Evolutionists and Australian Aboriginal Art: 1885-1915

By Lowish, Susan | Journal of Art Historiography, June 2015 | Go to article overview

Evolutionists and Australian Aboriginal Art: 1885-1915


Lowish, Susan, Journal of Art Historiography


...savage art, as of the Australians, develops into barbarous art, as of the New Zealanders; while the arts of strange civilisations, like those of Peru and Mexico, advance one step further...

Andrew Lang, 18851

The Idea of Progress2 and the Chain of Being3 greatly influenced the writing about art from 'other' countries at the turn of the twentieth century. Together these ideas stood for 'evolution', which bore little resemblance to the theories originally propounded by Charles Darwin.4 According to the historian Russell McGregor, 'Human evolution was...cast into an altogether different shape from organic evolution ... Parallel lines of progress, of unequal length, rather than an ever-ramifying tree, best illustrate the later nineteenth-century conception of human evolution.'5 Several prominent late nineteenth-century anthropologists employed a similar schema in determining theories of the evolution of art. This kind of theorising had a fundamental influence on shaping European perceptions of Aboriginal art from Australia.

In 1888, Chambers's Encyclopaedia began its entry for 'Art' with the following: 'A man in the savage state is one whose whole time is of necessity occupied in getting and retaining the things barely needed to keep him alive.'6 'Savages', as we know through the discourse of 'hard primitivism',7 had no time for art, yet the same entry goes on to reveal that 'Prehistoric man is known to have developed several kinds of decoration.'8 The five-page entry in the Chambers Encyclopaedia provides a very general sense of how the evolution of art may have been understood from a nineteenth-century perspective. The evolution of art begins with the impulse to decorate.

The impulse to decorate a useful object is one common to all mankind. It is merely to continue a little further the labour of simple manufacture. With this instinct is involved the equally natural impulse which drives men to imitate the objects seen about them, and by which they are chiefly interested. Landscape-painting, for example, is suggested by the desire to fix upon some portable surface the image of a view which pleases or interests the draughtsman. But out of this effort at imitation arises a new desire - that of creation. The artist is not satisfied merely with attempting to copy what he sees.9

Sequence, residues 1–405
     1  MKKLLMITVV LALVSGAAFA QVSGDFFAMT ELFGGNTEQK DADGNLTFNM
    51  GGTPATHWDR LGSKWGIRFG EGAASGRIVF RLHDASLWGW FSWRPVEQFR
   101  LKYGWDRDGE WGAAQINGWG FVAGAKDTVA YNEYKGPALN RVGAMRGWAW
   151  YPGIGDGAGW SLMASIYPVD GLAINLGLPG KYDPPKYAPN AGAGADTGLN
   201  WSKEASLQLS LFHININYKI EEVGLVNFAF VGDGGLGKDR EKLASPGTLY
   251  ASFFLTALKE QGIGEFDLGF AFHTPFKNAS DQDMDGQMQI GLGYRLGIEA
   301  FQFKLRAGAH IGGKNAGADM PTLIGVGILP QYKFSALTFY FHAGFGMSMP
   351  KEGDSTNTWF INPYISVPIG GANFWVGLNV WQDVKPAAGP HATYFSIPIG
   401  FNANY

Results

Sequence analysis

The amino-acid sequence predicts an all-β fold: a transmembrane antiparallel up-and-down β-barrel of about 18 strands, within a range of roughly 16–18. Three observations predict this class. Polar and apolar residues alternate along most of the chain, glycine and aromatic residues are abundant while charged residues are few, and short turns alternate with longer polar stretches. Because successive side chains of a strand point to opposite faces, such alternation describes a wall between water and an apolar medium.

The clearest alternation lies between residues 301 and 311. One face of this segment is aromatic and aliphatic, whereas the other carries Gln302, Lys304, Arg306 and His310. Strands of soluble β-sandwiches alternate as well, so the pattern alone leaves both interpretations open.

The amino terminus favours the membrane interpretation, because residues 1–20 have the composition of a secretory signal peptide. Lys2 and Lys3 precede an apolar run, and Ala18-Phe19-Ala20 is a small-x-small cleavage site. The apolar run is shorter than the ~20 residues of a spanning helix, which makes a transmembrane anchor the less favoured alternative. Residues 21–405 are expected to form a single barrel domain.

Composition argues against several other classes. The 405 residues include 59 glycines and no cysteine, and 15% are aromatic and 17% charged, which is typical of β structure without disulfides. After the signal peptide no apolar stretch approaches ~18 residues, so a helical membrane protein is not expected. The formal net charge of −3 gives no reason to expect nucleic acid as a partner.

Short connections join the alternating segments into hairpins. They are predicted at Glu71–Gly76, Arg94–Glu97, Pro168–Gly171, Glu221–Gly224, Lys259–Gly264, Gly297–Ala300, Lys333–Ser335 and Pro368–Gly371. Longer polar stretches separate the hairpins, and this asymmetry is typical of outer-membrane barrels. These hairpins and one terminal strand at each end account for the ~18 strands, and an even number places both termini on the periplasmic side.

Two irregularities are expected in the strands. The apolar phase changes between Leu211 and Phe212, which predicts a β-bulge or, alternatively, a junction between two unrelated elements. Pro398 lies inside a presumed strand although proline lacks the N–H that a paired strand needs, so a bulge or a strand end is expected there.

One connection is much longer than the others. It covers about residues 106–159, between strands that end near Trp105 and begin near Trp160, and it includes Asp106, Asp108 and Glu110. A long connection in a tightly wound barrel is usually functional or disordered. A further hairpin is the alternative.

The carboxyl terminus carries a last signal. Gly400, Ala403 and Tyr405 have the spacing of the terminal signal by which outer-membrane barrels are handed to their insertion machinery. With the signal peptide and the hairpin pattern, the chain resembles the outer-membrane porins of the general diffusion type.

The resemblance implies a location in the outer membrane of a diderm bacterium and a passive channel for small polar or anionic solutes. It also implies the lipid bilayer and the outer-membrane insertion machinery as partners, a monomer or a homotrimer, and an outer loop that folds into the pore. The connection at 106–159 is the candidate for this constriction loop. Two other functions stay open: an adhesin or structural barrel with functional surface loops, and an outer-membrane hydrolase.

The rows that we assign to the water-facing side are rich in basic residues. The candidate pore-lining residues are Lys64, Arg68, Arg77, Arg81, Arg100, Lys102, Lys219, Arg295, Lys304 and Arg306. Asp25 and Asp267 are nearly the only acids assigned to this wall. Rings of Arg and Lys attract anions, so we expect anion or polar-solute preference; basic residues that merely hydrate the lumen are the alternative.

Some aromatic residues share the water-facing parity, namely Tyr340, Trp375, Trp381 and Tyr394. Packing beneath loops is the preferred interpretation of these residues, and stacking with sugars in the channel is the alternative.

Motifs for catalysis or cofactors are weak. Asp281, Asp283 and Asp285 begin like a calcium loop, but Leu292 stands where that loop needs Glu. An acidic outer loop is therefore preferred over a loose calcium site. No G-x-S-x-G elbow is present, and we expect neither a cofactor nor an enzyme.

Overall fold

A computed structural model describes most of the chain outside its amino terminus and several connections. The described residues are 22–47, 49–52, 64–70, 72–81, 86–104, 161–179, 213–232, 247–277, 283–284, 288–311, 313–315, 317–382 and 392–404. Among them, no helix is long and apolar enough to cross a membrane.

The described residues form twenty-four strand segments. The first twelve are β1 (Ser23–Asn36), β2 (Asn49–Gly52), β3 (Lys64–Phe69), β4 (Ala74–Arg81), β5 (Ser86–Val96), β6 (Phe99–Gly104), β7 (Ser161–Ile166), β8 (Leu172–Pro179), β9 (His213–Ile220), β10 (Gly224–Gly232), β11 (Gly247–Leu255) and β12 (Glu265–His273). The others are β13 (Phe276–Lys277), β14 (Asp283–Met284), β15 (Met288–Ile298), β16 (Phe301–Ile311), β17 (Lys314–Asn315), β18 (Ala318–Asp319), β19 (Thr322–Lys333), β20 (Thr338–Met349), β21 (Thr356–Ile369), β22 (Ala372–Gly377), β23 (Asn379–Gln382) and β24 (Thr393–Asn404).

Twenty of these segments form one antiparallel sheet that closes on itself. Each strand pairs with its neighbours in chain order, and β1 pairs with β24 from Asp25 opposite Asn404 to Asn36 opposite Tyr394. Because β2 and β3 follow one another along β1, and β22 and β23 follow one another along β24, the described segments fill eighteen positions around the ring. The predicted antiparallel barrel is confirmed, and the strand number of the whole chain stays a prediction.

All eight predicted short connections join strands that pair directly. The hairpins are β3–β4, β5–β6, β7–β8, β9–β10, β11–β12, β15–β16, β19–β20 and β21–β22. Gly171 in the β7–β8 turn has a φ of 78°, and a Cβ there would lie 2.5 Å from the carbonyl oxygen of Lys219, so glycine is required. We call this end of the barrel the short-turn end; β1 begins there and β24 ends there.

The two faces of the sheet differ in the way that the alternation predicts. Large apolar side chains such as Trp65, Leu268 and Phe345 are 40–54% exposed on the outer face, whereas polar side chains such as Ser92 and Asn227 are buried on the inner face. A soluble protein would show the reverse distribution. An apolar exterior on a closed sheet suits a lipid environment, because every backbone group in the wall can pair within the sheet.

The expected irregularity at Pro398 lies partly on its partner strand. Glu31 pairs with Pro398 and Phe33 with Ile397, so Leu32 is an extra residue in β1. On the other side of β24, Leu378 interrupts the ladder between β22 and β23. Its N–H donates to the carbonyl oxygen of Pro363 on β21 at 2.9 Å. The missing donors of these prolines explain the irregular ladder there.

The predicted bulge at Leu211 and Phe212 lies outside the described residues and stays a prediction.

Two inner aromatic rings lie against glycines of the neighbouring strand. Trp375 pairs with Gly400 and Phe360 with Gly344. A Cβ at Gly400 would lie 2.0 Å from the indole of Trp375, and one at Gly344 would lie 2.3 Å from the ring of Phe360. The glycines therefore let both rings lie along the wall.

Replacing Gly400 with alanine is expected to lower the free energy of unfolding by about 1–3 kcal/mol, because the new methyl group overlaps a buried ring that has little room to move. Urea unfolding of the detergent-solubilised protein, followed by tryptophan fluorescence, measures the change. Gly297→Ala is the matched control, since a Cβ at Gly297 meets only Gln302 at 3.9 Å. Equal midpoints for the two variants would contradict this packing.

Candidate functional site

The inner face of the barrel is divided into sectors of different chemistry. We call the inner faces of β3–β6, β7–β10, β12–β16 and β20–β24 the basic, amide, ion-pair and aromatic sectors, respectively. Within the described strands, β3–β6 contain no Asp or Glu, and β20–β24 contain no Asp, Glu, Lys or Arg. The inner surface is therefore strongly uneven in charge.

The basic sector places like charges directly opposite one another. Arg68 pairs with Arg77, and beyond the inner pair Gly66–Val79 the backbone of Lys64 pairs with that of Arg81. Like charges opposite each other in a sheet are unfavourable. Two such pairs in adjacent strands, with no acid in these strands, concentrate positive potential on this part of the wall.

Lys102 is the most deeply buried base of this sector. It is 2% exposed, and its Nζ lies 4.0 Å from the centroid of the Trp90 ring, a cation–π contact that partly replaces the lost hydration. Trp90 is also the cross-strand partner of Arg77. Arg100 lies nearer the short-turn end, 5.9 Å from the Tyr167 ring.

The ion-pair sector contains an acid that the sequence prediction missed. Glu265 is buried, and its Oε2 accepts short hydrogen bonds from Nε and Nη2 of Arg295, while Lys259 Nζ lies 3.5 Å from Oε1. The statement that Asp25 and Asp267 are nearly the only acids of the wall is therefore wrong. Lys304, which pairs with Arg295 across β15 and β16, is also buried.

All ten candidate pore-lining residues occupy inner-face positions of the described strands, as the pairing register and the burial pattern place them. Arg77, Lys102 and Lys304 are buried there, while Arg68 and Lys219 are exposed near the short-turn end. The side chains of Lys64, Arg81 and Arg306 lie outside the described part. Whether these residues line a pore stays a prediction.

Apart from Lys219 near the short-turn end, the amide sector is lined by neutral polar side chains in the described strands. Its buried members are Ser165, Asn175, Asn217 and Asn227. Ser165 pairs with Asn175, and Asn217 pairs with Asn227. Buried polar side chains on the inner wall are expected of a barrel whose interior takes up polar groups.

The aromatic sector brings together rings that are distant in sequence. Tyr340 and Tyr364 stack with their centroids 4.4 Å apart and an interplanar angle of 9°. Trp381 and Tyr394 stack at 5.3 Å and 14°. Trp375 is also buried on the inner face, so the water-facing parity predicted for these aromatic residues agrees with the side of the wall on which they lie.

Constructing the evolution of art as a progression from decorative, to imitative, to creative co-incides with the rise of the survey text for art history.10 Survey texts were a useful tool in the early days of teaching the history of art, but are limited in their ability to present complex narratives of the story of art. Such evolutionist views are also evident in art historical writing from this period, which positioned either the art of ancient Egypt or Greece at the origin and Italian Renaissance art at the apogee, and have since been criticised for their limited (Eurocentric) vision.11 While acknowledging that recent alternatives to reading art history as a linear narrative have been offered,12 this paper is concerned with critcally evaluating scholarship on the art of Australian Aboriginal peoples produced during the latter part of the nineteenth century in relation to the dominant beliefs and attitudes of the time.

Evaluating the impact of evolution on the perception of Aboriginal art requires familiarity with specific works of Australian ethnology and their place within the wider history of anthropology, combined with an understanding of what 'art' meant in that realm. In order to provide focus and limiting scope for this paper, analysis of these topics is filtered through the catalyst of Sir Walter Baldwin Spencer (1860-1929), the major figure for Australian anthropology and Aboriginal art in the period 1885-1915. With early ambitions to be an artist, he became an enthusiatic art collector and museum director, developing the first museum displays of Aboriginal art in Melbourne from a suite of specifically commissioned bark paintings (Figure 1). …

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